Texas Causes of Action & Affirmative Defenses

Texas Causes of Action & Affirmative Defenses

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Wednesday, June 8, 2011

The nature of Expunction: A statutory remedy

GETTING CRIMINAL RECORDS EXPUNGED 

Expunction: A creature of the Legislature 
 
Expunction is neither a constitutional nor common law right, but a statutory privilege. Ex parte S.C., 305 S.W.3d 258, 260 (Tex. App.—Houston [14th Dist.] 2009, no pet.). Where a cause of action is created by statute, all of its provisions are mandatory and exclusive, requiring strict compliance for the action to be sustained. Harris Cnty. Dist. Att’y v. Lacafta, 965 S.W.2d 568, 569 (Tex. App.—Houston [14th Dist.] 1997, no pet.). The trial court has no power to extend equitable relief beyond the clear meaning of Article 55.01. See J.H.J., 274 S.W.3d at 806. Although the expunction statute is situated in the Code of Criminal Procedure, an expunction proceeding is civil in nature, and the petitioner carries the burden of proving that all statutory conditions have been met. Harris Cnty. Dist. Attorney’s Office v. M.G.G., 866 S.W.2d 796, 798 (Tex. App.—Houston [14th Dist.] 1993, no pet.).
 
SOURCE: Houston Court of Appeals - 14-10-00532-CV - 6/7/11 
   
RELATED LEGAL TERMS: Expungment of arrest records, indictments, criminal court records, lawsuit petition for expunction
   
RECENT EXPUNCTION CASE LAW CLIPS FROM OTHER COURTS OF APPEALS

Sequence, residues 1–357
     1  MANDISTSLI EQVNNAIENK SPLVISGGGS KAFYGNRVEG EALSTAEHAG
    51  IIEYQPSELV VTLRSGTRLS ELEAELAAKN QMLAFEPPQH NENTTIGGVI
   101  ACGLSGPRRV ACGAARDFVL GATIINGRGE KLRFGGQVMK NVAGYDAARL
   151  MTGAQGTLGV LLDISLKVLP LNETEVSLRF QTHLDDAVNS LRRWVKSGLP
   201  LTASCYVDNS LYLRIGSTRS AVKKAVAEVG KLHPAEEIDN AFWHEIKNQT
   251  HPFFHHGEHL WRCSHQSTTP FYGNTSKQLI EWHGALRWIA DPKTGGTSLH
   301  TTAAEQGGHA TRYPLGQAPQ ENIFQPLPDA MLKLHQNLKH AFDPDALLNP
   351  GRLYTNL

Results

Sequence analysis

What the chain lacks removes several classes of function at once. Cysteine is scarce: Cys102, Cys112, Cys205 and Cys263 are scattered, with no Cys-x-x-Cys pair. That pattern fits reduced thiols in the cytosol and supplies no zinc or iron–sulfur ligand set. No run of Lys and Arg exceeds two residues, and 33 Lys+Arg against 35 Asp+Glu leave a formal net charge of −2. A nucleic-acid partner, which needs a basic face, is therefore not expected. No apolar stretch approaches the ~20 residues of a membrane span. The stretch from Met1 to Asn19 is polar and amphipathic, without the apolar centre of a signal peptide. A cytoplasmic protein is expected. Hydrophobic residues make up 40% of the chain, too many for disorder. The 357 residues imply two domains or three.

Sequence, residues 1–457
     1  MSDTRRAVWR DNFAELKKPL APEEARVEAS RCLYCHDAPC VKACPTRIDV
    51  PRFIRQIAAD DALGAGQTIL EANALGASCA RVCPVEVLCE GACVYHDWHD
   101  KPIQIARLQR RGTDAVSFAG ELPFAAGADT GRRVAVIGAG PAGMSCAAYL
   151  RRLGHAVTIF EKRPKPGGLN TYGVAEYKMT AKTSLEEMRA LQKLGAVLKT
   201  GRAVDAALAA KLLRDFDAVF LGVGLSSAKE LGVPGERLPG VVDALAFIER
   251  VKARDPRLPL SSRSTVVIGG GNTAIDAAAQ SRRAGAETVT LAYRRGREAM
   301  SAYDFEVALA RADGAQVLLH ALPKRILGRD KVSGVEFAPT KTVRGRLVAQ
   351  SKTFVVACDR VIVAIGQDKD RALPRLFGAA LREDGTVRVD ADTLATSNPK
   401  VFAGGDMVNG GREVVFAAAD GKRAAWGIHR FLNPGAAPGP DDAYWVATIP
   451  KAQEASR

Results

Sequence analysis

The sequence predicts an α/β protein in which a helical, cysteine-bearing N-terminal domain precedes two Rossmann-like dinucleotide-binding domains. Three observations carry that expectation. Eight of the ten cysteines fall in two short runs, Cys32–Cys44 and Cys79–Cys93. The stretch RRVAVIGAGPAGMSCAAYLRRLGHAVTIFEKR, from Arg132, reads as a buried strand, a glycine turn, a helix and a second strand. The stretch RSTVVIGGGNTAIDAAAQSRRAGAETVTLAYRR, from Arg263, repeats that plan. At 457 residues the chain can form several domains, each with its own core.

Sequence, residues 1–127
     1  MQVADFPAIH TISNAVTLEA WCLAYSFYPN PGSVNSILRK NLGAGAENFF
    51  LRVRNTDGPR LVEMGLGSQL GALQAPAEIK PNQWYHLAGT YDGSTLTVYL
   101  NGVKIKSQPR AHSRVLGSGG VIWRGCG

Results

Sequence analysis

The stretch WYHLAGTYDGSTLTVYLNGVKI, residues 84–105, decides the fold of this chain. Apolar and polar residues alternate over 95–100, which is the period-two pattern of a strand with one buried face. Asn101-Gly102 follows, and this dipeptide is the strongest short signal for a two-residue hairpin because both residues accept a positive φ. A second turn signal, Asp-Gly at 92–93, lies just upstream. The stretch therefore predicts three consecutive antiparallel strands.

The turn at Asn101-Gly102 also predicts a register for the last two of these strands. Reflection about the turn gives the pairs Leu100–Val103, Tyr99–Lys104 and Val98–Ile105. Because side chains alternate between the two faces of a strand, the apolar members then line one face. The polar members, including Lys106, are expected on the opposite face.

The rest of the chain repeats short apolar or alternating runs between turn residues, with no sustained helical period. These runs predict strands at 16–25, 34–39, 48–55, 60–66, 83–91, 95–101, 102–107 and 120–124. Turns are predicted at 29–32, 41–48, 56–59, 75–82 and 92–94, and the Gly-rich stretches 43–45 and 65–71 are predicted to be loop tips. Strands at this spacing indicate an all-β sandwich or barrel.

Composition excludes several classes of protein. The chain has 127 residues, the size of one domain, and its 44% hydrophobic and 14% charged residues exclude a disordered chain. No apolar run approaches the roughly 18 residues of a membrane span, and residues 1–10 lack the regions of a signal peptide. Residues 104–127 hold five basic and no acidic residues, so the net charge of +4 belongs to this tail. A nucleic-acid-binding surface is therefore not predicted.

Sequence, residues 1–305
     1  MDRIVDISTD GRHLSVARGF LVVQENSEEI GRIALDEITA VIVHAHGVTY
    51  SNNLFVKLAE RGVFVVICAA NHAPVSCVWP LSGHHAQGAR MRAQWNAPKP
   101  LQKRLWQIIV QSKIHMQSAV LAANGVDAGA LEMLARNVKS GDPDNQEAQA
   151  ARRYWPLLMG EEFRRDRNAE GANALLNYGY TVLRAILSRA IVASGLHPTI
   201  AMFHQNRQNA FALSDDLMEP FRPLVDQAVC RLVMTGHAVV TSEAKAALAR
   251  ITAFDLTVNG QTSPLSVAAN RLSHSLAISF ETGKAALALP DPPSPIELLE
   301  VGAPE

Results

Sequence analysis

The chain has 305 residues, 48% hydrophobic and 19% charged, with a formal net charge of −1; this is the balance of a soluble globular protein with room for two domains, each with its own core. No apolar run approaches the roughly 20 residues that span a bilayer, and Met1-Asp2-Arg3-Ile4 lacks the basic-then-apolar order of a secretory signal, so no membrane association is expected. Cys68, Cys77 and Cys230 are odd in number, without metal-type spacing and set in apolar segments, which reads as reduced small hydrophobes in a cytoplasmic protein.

The right to expunction is a statutory privilege. In re Expunction of Ramirez, 143 S.W.3d 856, 858 (Tex.App.-El Paso 2004, no pet.). Article 55.01 of the Texas Code of Criminal Procedure controls a criminal defendant's right to have all records and files related to the arrest expunged. See Tex.Code Crim.Proc.Ann. art. 55.01(a)(Vernon Supp. 2010). The burden of proof for compliance with the statute in an expunction proceeding rests with the petitioner. Collin County Criminal Dist. Attorney's Office v. Dobson, 167 S.W.3d 625, 626 (Tex.App.-Dallas 2005, no pet.). Article 55.01 requires strict compliance, leaving courts without equitable power to expunge criminal records. See Texas Dept. of Pub. Safety v. Wiggins, 688 S.W.2d 227, 229 (Tex.App.-El Paso 1985, no writ). The right to expunction is a statutory privilege. In re E.R.W., 281 S.W.3d 572, 573 (Tex.App.-El Paso 2008, pet. denied); In re C.V., 214 S.W.3d 43, 44 (Tex.App.-El Paso 2006, no pet.). The statute gives people the opportunity to have all records of an arrest expunged provided certain requirements are met. Tex.Code Crim.Proc.Ann. art. 55.01 (West Supp. 2010); In re E.R.W., 281 S.W.3d at 573; In re C.V., 214 S.W.3d at 44. All provisions in a statutory cause of action are mandatory and exclusive, and all conditions must be met before a person is entitled to expunction. In re E.R.W., 281 S.W.3d at 573; In re C.V., 214 S.W.3d at 44. A statutory expunction proceeding is civil rather than criminal in nature, and the petitioner bears the burden of proving compliance with the statute. In re E.R.W., 281 S.W.3d at 573; In re C.V., 214 S.W.3d at 44. Article 55.01 provides, in pertinent part: (a) A person who has been placed under a custodial or noncustodial arrest for commission of either a felony or misdemeanor is entitled to have all records and files relating to the arrest expunged if: . . . (2) each of the following conditions exist: (A) an indictment or information charging the person with commission of a felony has not been presented against the person for an offense arising out of the transaction for which the person was arrested or, if an indictment or information charging the person with commission of a felony was presented, the indictment or information has been dismissed or quashed, and: (i) the limitations period expired before the date on which a petition for expunction was filed under Article 55.02; or (ii) the court finds that the indictment or information was dismissed or quashed because the person completed a pretrial intervention program authorized under Section 76.011, Government Code, or because the presentment had been made because of mistake, false information, or other similar reason indicating absence of probable cause at the time of the dismissal to believe the person committed the offense or because it was void; (B) the person has been released and the charge, if any, has not resulted in a final conviction and is no longer pending and there was no court ordered community supervision under Article 42.12 for any offense other than a Class C misdemeanor; and (C) the person has not been convicted of a felony in the five years preceding the date of the arrest. Tex.Code Crim.Proc.Ann. art. 55.01(a)(2).


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